Published on: November 29, 2013
by Jo Willey for Express:
Dementia is striking people much later giving millions fresh hope of leading longer, healthier lives.
Experts said yesterday that the risk of dementia may also be falling thanks to better education and prevention of key risk factors such as high blood pressure and cholesterol.
Lead researcher Dr Kristine Yaffe, professor of psychiatry, neurology, epidemiology and biostatistics at the University of California in San Francisco, said: “This is a fascinating example of personal health changes earlier in life having an impact on personal and public health in late life.”
Dr Yaffe and Dr Eric Larson, who is executive director of the Group Health Research Institute, reviewed several recent studies that show how rates of dementia in ageing populations have declined for people born later in the last century.
The article, published in The New England Journal Of Medicine, also cites other factors affecting this trend.
Dr Yaffe and Dr Larson have previously shown that regular exercise may help delay dementia.
In an article published earlier this year in the journal, Dr Larson’s team reported that people with lower blood sugar levels tend to have less risk of dementia.
And Dr Yaffe and her team have focused on a host of other lifestyle factors that have the potential to reduce risk.
Dr Yaffe said: “We need to be aware that recent increases in obesity and diabetes threaten to reverse these gains because of the impact these conditions can have on the ageing brain. The obesity and diabetes epidemics are not affecting age groups most at risk of dementia – yet.”
Dr Larson added: “People are tending to live longer, with worldwide populations ageing, so there are many new cases of dementia.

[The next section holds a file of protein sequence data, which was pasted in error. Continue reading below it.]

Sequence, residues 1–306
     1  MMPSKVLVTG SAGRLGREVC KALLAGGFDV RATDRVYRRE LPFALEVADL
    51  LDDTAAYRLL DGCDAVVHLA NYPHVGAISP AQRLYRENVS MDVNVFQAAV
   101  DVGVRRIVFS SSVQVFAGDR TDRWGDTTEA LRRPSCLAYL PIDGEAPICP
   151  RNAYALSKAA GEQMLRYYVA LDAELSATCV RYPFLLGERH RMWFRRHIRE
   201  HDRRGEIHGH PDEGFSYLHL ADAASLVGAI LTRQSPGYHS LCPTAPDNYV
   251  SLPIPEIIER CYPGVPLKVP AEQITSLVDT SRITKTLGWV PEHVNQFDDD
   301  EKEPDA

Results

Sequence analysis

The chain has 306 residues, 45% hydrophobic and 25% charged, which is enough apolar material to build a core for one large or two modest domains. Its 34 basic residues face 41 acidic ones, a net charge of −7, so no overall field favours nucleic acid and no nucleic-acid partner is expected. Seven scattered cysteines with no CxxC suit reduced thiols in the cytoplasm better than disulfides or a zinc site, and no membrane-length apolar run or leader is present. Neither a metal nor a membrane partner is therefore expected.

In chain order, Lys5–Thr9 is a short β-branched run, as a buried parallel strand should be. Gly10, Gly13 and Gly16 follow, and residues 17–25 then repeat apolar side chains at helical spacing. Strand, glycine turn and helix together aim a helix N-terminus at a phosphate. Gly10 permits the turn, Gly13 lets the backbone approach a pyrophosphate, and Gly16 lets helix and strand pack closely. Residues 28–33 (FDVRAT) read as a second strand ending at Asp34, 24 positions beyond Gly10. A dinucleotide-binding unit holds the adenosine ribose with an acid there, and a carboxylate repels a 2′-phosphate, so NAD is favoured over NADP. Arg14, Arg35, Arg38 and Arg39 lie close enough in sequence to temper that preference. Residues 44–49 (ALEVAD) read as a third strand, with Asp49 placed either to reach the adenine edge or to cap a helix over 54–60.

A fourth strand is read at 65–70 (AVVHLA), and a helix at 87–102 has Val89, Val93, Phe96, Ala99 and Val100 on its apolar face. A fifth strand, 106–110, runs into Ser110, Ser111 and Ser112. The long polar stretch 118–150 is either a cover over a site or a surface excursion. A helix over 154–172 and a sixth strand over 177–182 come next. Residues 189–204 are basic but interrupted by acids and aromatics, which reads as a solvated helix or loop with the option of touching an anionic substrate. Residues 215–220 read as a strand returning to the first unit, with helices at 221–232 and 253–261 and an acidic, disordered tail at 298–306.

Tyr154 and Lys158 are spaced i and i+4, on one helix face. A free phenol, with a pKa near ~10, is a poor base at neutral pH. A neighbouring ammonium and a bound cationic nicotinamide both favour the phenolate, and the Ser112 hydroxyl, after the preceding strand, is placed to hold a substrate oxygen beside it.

“But some seem to be developing it at later ages and we’re optimistic about this lengthening of the time that people can live without dementia.
“To help more avoid dementia, we’ll need to find better ways of preventing obesity and avoiding obesity-linked health risks including diabetes.
“We must focus on exercise, diet, education, treating hypertension and quitting smoking.” In 2008, Dr Larson reported one of the first studies suggesting a decline in US dementia rates, using information from the US Health and Retirement Study.
That found that the decline was in line with education, income, and improvements in health care and lifestyle. Since then, several studies in Europe have confirmed this trend are and lifestyle. Since then, several studies in Europe have confirmed this trend.
Dr Simon Ridley, head of research at Alzheimer’s Research UK, said: “We can’t say for sure what may have caused a fall in dementia rates but much evidence points to a role for better education and cardiovascular health in reducing the risk of the condition.
“It’s also important to remember that age is the biggest risk factor for dementia, and with an ageing population the condition affects hundreds of thousands of people in the UK.”
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